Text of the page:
This weekend while I was sitting in front of my TV watching my beloved Dallas Cowboys kick the tar out of Philadelphia in the first round of the NFL playoffs, a promo for Jerry Seinfield’s new show, Marriage Ref, came on the tube.
It includes an image I shot for Getty Images’ RF collection several years ago of an older woman in curlers eating popcorn on a bed.
James Rainey’s January 6th LA Times piece about the plight of the freelance journalist, “Freelance Writing’s Unfortunate New Model,” is worth a read, if you can handle a little more depressing news about the news. Among the highlights:
- “An estimated 31,000 writers, editors and others have been jettisoned by newspapers in just the last two years.”
- Web publications are trawling Craigslist for writers who will work for bread crumbs, or for everyone’s favorite: “recognition”
- Writers are learning to act more like small business people and less like artists
- There’s no telling the important stories that have been missed, or the ones that will be missed, as journalists leave the profession.
We know the trouble that today’s newspapers and magazines are in isn’t a new story, but it’s worth taking a moment to think about it from the perspective of our fellow creative professionals. Personally, we know that a nationally-known trade magazine is offering $500/month for blogging 5 days a week, including writing regularly scheduled columns.
In case you missed it, outerwear company Weatherproof has put up a billboard in Times Square with an AP image of President Obama wearing one of their coats. I expect it will be down soon, but I was interested in this quote from a company rep in the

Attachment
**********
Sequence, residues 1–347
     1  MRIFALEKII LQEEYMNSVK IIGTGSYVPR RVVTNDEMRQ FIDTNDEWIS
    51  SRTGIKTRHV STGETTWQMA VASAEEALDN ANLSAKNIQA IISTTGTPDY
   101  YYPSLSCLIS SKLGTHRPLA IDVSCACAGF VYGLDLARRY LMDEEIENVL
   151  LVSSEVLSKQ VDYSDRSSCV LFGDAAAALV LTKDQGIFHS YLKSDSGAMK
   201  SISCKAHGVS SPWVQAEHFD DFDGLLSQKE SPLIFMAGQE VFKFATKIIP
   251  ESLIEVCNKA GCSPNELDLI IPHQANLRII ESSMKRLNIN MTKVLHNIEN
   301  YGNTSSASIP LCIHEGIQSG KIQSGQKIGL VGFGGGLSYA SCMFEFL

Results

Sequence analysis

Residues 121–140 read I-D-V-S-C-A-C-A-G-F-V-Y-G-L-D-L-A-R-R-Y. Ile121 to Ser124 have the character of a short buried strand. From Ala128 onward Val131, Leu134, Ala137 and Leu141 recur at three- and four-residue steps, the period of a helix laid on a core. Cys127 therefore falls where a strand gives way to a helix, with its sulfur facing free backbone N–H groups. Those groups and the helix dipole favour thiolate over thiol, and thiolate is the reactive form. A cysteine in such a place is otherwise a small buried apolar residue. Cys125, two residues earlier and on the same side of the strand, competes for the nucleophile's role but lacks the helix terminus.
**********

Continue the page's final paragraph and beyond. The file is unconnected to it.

This week I will be posting images from my latest portrait project:
Portraits of Senior Members of our society in the early stages of Dementia.
Here is the first image.
In my never-ending quest to increase the Google Rank of Greg’s photography business, I’ve started trying to use all of Google’s products, on the theory that they all link to each other. That’s a long post for another time, but today it led me to this: Google Base and Google Merchant Center.
At first glance these are ways for Google to cut in on Amazon’s territory and allow merchants of goods to sell their widgets online. I’m not sure if they will help me sell services, but apparently they DO help some photographers sell stock, or they did. Here’s a blog posting from 2006, admittedly hopelessly out-of-date by today’s standards of timeliness, about photographer David Sanger’s success with the service. Here’s another post from 2006 about the same thing, and I cannot find anything after that.
Recently, Rob at APE posted the following prediction for 2010 on his blog:
More photographers will get into the workshop, book writing and teaching side of the photography business. This is proving by all appearances to be super lucrative, but will get very crowded and competitive as people with an impressive oeuvre enter the market.
About once a month I hear from a colleague in the field who has been a professional photographer for quite some time.
Different reps offer their services to photographers in a variety of ways.
* Most reps take 25% to 30% of your “Fees.”